Nicholas Phan Evangelist, Jesse Blumberg Jesus, Jeffrey Strauss Pilate, Amanda Forsythe, Terry Wey, Christian Immler ScTBar, Apollo’s Singers, Apollo’s Fire, Jeannette Sorrell
107:42 (2 CDs)
Jeanette Sorrell performed the John Passion repeatedly in Passiontide 2016 in the Cleveland area of the USA, and this recording captures her style. Described as a dramatic presentation in the notes, some videos are being released on the Apollo’s Fire website which help this reviewer at least understand where Sorrell is coming from.
She conducts the performance, plays the continuo (with the narrative at least) and directs the staged dialogue, which took place on a well-lit platform among the players in the live performances. All members of the ‘cast’ seem to be drawn from the excellently prepared coro; but this is emphatically not an SATB quartet plus ripienists, but chorus of some twenty-something voices, who apparently stepped – or some of them – into the audience to perform some of the turba interjections. All the ‘characters’ sing off-copy with gesture, and the dialogue is so fast and furious that it sometimes seems a bit of a scramble. It also has the curious effect of making the Evangelist – at his best I think in the more reflective arias, which he also sings – over-dramatize some pretty unimportant passages like, Pilate said unto him, which should surely be delivered pretty sotto voce. It also has the downside of not really valuing the subtle pacing and changes in tonality in Bach’s setting of the text of John 18 & 19 when you follow the text pretty deliberately.
The chorus here in the turba sections is wonderful: crisp and bright, while able to give a subtly different character to the changing emotions of the crowd. But I am less sure about the imposed dramatic performance in the outer choruses and the chorales. In the opening chorus, there are substantial rallentandi at the end of each section, and the heavy accentuation of the four beats in a bar make for a plodding start. In the chorales, each line tends to be shaped as a unit on its own, so there is a loss of the liturgical quality of the whole, and the dynamic shading too is often exaggerated. In the final chorus the momentum almost grinds to a halt at the end of each section, and in the last chorale, the ‘dramatic’ pianissimo start – are the instruments playing at all? – builds to a huge fortissimo.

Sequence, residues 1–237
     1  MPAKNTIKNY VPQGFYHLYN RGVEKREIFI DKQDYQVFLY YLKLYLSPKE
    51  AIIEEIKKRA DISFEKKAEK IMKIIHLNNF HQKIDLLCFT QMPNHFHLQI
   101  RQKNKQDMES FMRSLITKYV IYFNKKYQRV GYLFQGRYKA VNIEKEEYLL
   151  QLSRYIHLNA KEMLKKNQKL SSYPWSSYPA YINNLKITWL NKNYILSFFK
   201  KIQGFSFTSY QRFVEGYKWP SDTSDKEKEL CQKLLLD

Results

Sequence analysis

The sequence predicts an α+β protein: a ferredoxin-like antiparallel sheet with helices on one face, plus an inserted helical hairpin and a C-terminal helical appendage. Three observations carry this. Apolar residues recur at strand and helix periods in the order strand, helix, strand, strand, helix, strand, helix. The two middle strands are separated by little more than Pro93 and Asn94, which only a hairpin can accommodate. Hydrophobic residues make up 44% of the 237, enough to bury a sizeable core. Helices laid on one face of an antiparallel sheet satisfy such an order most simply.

Despite these reservations, the arias are beautifully done, and apparently were performed with singers out front to engage the audience in reflection. Amanda Forsythe has a clear, bell-like voice ideal for this music: her Zerfließe is sublime; and Terry Wey is an experienced singer who makes the most of his rich timbre in the middle section of Es ist vollbracht – every note is beautifully articulated, though I could have done without his Handelian-style cadenza in Von den Stricken . Christian Immler is a wonderful bass (as is Jesse Blumberg, the Jesus), and his Eilt, eilt is perfect – as is the (?semi) SAT chorus. They are joined by excellent obbligato instrumentalists, and the balance and tempi in these arias are as good as it gets.
But Bach’s theological drama is somewhat masked by Sorrell. Her ‘visionary concept of a dramatic production’ divides the work into five ‘scenes’, and this division cuts across Bach own palindromic central section, which places the chorale Durch dein Gefängnis at the centre. And the imposition of her own characterization of the voice parts, means that she misses the theological point that it is the same leading bass voice who sings the words of Jesus who immediately after his death also sings the lilting 12/8 Mein teurer Heiland in the key of D major – a key associated with the trumpets of resurrection!
I am sure that the live performances were thrilling, and certainly the musicians – both instrumental and vocal – are really well prepared, and were carefully chosen; but people hoping that this performance will give them greater insights into how Bach understood the Passion according to St John might do better to stick with John Butt’s Dunedin performance or Pierre Pierlot’s with Ricercar.
But the quality of the recording is superb, and for those who need a modern dramatic take to get into Bach, this performance would be a serious contender.